PALM SPRINGS, Calif., Jan. 31 - Most things about the LabAutomation conference here were bigger than last year--more space, more exhibitors, more attendees--except a trend in technology.
The instruments are getting smaller, and this will continue over the next several years, some attendees observed.
"Everything is shrinking in size," said conference Chair Robin Felder. "Microfabrication will allow room-size automation to be reduced to the size of a postage stamp. It's moving far faster than any of us anticipated. Within five years there will be a significant number of [microfabricated] products available in the market."
As an example of this trend, Felder and others pointed to the plastic microplate. In 2001, the standard plate had 384 wells. Now, 1,536 wells occupy the same footprint, an amount that most of last year's equipment could not handle, Felder said.
Miniaturization is coming "out of the research lab stage, we're seeing it in products," said Tony Beugelsdijk, chairman of the board of the Association for Laboratory Automation and director of Los Alamos National Laboratory's robotics program. "Microarrays and microfluidics are in the phase high-throughput-screening was about four years ago."
This was on display at this year's conference, which ended on Wednesday, with a 14 percent increase in attendees to 3,629 and a 38 percent jump in the number of exhibitors, which totaled 166 in 2002, according to Michael Randow, webmaster for the Association for Laboratory Automation, which sponsored the conference.
The drive toward miniaturization is being fueled by the ability to do more for less. More samples can be processed using less reagent and sample material. The trend is also being nudged along by the increasing ability to use advanced software and technology to track the increasing numbers of shrunken samples, said Peter Collins, sales and marketing director of UK-based ABgene, which offers matrix coding for data tracking. The coding "allows you to put a lot of information in a small space," he said.
Along the lines of smaller-is-better is another product trend people were talking about: modularity.
"People want to do plug-and-play," said Judi Tilghman, business development manager at PerkinElmer. "To take individual components of a robotic system and move them around for their needs."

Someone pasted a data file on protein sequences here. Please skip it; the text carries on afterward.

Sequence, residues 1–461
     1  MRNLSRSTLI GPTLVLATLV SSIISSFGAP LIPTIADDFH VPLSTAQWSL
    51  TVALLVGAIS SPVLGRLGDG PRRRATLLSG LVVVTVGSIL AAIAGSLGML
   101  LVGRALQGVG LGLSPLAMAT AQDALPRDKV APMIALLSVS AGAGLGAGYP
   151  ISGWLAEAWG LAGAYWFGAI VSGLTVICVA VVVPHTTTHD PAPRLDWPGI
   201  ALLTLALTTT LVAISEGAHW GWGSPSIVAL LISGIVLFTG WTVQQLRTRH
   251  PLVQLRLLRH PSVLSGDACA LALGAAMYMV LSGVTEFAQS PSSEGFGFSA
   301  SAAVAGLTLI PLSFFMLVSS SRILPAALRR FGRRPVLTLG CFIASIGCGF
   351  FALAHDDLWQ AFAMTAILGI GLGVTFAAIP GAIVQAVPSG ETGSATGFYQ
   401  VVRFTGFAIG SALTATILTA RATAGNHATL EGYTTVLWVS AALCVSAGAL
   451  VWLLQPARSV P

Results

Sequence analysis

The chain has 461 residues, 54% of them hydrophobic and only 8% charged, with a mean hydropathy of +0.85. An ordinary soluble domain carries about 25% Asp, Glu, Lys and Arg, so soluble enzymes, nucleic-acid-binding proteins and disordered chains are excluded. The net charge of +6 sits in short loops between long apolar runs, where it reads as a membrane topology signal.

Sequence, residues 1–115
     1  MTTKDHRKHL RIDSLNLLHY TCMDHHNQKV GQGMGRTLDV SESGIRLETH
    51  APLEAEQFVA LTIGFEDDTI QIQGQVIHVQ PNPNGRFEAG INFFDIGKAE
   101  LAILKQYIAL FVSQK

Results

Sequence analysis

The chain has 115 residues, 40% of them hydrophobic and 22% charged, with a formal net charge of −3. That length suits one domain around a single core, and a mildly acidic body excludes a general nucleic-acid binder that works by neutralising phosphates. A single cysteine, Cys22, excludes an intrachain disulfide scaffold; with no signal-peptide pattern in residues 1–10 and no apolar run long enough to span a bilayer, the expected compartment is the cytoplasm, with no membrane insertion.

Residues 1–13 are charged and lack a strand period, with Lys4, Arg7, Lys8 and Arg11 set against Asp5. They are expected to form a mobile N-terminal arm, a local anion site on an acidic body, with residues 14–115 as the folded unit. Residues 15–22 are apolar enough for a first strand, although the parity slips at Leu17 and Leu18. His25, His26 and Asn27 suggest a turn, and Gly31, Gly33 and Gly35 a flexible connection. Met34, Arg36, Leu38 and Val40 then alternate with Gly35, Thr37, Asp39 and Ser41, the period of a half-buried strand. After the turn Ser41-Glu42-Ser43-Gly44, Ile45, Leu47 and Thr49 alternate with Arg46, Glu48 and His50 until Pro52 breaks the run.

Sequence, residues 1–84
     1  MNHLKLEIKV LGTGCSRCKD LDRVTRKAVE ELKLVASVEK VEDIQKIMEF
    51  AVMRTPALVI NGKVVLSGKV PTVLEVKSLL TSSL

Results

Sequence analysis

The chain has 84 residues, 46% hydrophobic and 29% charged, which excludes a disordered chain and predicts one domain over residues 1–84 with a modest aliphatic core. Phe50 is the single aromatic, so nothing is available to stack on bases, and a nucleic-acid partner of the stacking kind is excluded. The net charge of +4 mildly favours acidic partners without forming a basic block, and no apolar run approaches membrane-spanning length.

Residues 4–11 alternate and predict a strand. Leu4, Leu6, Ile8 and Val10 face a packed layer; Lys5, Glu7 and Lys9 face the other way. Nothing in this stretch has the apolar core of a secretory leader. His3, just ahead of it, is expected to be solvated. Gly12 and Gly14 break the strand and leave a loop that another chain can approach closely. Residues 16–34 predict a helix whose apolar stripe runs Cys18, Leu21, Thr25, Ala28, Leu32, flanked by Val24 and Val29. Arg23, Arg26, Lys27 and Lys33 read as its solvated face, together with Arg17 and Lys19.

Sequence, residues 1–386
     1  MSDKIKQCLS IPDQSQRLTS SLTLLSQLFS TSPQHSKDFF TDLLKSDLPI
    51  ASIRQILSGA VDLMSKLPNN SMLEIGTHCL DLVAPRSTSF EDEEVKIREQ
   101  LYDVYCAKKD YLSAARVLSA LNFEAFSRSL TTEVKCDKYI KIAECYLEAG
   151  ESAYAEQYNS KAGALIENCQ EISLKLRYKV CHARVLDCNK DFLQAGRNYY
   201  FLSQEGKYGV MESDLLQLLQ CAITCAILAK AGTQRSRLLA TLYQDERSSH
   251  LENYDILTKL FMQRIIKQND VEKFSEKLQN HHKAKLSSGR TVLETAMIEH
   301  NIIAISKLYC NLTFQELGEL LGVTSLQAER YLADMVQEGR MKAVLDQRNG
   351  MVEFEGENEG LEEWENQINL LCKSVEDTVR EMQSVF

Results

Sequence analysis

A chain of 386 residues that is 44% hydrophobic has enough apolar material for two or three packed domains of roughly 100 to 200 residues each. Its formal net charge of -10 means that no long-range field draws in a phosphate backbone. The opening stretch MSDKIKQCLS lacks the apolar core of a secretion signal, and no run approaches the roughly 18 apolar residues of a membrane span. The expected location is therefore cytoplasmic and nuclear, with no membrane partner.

"We've come up with modular scalable technology so customers can take care of current needs without being locked into" bigger systems," said Trevor Jones, a business unit manager at Ontario, Canada-based CRS Robotics.
Attendees point to economic as well as plug-and-play factors spurring the push toward modular solutions.
"Labs are reluctant to invest large amounts of money at one time," said Felder, who also said customers were taking a more rational approach to the automated systems they were purchasing because of their experience with the technology that's been out for a few years.
He added that peripheral devices such as plate scanners, liquid handling robots, and plate sealers were now mostly "vendor neutral devices" in terms of the different company systems in which they could be utilized.
"More vendors are acting in an integrator role now," agreed Beugelsdijk. "There's more value in selling an integrated system."
Customers' growing experience and understanding of robotics has helped drive the integration of the technology while pushing manufacturers to provide user-friendly systems.
"Now with automation and ease of use, clients speak our terminology," said Robert Donoho, manager of strategic marketing for Indianapolis-based Beckman Coulter's life science-research division. Customers "don't need a robotics engineer" to understand how to work the equipment. "The automation industry is maturing."
The evolution of the industry, which is leading to "better engineering and more mapping out of the various technologies into an overall process," according to Beugelsdijk, is also attracting nontraditional players to biotech, including industrial automation companies as first-time exhibitors, he said.
"A lot of engineering companies that used to be in semi-conductors are marketing in biotech now," agreed James Snook, senior market manager at Switzerland-based Qiagen Instruments. These "guys are walking around [the exhibit floor] trying to drum up business. They're going where the dollars are."